On May 15, 2002, Yasir Arafat addressed the Palestinian Legislative Council in Ramalla. The occasion was the 54th anniversary of the Nakba (“the disaster” of Palestine, i.e. the establishment of the State of Israel on May 15, 1948). In his speech Arafat referred to the suicide attacks against Israeli citizens, stating that these attacks “do not serve our cause, but rather subject us to angry criticism on the part of the international community”. Arafat called upon the Council to deal with this problem (which has aroused serious discussions among Palestinians and Arabs in general) from the vantage point of the “Hudaybiyya Conciliation Accord, out of our concern for the patriotic and national interest of our [Palestinian] people and [Arab] nation, in order to strengthen worldwide solidarity with the Palestinian people and its cause”.

What is behind this reference to Hudaybiyya? It conveys the following twin messages.

  1. “The Hudaybiyya Conciliation Accord” was an agreement which the Prophet Muhammad signed in the year 628 A.D. with the infidels of his tribe, the Kuraysh. He did so upon their refusal to join the community of Islam, when he realized that he could not defeat them militarily. Two years later, having consolidated his power, he attacked Holy Mecca, slaughtered the men of his own tribe and torched all the symbols of their heathen culture.
  2. Islam regards the actions of the prophet as religiously sanctioned models for the behavior of the faithful. In fact, the authorized collections (Hadith) of Muhammad’s acts and pronouncements are among the important sources for the Islamic authorities of every generation in deciding questions of religious law. Thus, the prophet’s way of treating his agreement with the Kuraysh is perceived as the ideal procedure for Muslims when dealing with non-believers: When Muslims cannot impose their will for expanding the rule of Islam by force, they are permitted to sign temporary agreements with the non-believers. Such agreements are to be kept until Allah grants a sufficient increase in Muslim power. At that point the faithful are allowed (or obliged) to break the agreements and to impose Islamic terms on the infidels. Why else would Allah have granted them the power to prevail?

In referring to Hudaybiyya, Arafat meant exactly this: Any agreement with Israel is — in his eyes — no more than a Hudaybiyya Conciliation Accord. This is eminently clear to anyone who reads the Islamic sources, preferably in Arabic. (Internet sites in English tend to portray a rather conciliatory picture of Islam, for Western consumption, by rephrasing Islamic messages.)

The proof for this is inherent in the second message of the quotation from Arafat’s speech. Suicide attacks at this juncture are not condemned as vile inhuman acts but are held in abeyance because they are presently incapable of advancing Palestinian goals. At present, the Palestinian cause can best be served by avoiding international condemnation and by promoting the encouragement and sympathy of the world community.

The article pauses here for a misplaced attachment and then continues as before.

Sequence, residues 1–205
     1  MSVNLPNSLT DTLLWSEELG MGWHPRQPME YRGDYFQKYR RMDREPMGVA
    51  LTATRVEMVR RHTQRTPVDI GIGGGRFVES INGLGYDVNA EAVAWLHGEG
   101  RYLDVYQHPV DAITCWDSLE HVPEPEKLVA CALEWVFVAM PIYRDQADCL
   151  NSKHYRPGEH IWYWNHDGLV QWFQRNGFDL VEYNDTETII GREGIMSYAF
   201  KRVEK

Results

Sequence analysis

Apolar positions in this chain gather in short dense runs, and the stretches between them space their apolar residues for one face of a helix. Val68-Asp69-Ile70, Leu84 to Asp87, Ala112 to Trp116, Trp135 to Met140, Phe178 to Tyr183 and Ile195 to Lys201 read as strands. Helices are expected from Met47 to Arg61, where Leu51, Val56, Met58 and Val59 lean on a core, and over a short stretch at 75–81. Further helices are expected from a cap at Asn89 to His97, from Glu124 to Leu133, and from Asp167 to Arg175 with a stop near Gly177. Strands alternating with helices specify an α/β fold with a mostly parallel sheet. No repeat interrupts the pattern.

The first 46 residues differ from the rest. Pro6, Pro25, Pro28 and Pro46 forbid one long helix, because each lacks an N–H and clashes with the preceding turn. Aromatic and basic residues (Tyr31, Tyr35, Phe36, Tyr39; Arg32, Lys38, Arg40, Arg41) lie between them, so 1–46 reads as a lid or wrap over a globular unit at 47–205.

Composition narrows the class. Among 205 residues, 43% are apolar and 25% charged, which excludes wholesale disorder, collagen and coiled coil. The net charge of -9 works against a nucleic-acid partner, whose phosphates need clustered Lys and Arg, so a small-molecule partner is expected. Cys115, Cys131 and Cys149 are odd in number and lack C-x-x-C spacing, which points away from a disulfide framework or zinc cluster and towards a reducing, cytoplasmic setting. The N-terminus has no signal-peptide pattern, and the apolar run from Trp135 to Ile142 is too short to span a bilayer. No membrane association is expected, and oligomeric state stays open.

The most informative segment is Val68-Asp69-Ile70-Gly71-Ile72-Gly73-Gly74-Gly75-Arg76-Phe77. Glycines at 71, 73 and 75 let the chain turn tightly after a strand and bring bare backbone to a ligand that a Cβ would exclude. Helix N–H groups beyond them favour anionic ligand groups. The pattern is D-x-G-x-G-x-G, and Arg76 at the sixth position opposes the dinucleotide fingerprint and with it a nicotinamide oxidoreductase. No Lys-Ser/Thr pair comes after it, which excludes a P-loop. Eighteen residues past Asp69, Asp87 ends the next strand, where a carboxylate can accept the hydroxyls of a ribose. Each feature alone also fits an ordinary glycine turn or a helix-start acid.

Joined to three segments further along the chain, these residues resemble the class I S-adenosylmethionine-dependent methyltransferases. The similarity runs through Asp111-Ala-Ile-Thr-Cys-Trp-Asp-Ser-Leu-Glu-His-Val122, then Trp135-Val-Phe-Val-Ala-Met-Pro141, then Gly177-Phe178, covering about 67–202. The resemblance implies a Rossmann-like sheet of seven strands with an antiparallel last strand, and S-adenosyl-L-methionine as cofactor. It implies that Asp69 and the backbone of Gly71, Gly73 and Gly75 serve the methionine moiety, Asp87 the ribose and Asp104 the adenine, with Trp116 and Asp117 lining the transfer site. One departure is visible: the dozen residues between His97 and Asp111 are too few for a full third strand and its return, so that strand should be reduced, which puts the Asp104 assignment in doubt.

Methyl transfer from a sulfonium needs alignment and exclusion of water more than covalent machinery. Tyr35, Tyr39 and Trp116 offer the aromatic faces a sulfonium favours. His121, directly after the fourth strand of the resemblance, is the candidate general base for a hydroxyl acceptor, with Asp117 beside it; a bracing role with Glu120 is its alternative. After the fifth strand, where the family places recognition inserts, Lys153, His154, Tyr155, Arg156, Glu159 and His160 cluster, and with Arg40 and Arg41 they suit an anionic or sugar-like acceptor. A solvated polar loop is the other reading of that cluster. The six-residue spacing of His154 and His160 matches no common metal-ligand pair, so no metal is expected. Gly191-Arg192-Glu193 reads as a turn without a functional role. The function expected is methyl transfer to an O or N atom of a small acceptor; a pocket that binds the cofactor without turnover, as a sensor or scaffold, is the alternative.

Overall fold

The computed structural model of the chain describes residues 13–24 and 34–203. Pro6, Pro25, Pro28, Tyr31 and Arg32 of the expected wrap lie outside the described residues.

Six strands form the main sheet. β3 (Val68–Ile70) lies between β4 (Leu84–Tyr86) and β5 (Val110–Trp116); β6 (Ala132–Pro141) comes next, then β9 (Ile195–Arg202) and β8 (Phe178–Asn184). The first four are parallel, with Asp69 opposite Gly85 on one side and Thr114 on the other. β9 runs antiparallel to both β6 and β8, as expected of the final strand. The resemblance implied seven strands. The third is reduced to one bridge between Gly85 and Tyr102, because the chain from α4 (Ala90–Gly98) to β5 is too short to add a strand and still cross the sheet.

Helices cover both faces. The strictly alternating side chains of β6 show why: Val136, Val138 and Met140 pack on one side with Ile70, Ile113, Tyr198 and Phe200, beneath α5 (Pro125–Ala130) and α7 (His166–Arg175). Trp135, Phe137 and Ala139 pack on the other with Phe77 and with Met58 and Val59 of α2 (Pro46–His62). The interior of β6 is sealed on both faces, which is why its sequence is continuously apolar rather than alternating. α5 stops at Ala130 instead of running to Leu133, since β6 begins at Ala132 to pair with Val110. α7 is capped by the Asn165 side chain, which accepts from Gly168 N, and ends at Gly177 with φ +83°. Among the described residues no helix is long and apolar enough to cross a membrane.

What does Arafat mean? That suicide attacks are evil and should be removed from now on from the arsenal of legitimate weapons in the struggle against Israel? Not at all. If anything, recruitment and training of shahids is accelerating. What he advocates for the near term is a change in the modus operandi. Does he promise not to use suicide attacks again? By no means. Does his most recent call to desist from attacks upon civilians remind us of his record of broken promises made to Rabin (1993), Netanyahu (1996) and in many public declarations between 1993 and 2000? They do indeed.

As a student of Arab politics and as a Zionist with personal past involvement with efforts to promote peace and understanding between Israelis and Arabs, I do indeed believe Arafat’s message: he does wish to come to an agreement with the Israelis, but, as he points out to his followers, any agreement with non-Muslims, such as a commitment to stop suicide attacks, is simply a modern version of Hudaybiyya. As such, in accordance with Islamic principles which form the basis of the political culture in the Arab sphere, such a commitment may (or must) be broken at the right time. Clearly, before long, when in Arafat’s judgment suicide attacks will again be helpful to the Palestinian cause, he will once again call upon his followers to go out and sacrifice their lives in Israel’s streets (‘millions of shahids marching to Jerusalem’).

Great tragedies have occurred in international affairs when governments try to understand potential enemies in terms of their own political culture. The events of September 11 can serve as one recent example. Israeli ignorance of Islamic traditions and Arab culture have brought about many serious political and military setbacks, from the surprise attack which started the Yom Kippur War (October 6, 1973) to our lack of realism all through the Oslo process, 1993-2000. We shall continue to disregard the Islamic tradition only on pain of more naive dreams, by Israeli and Western leaders, dreams which are totally detached from the Middle Eastern reality, a reality which is becoming increasingly colored by the Islamic brush.

Bar-Ilan University, Israel
Phone: +972 54 778 908

Department of Arabic and research associate of the Begin-Sadat Center for Strategic Studies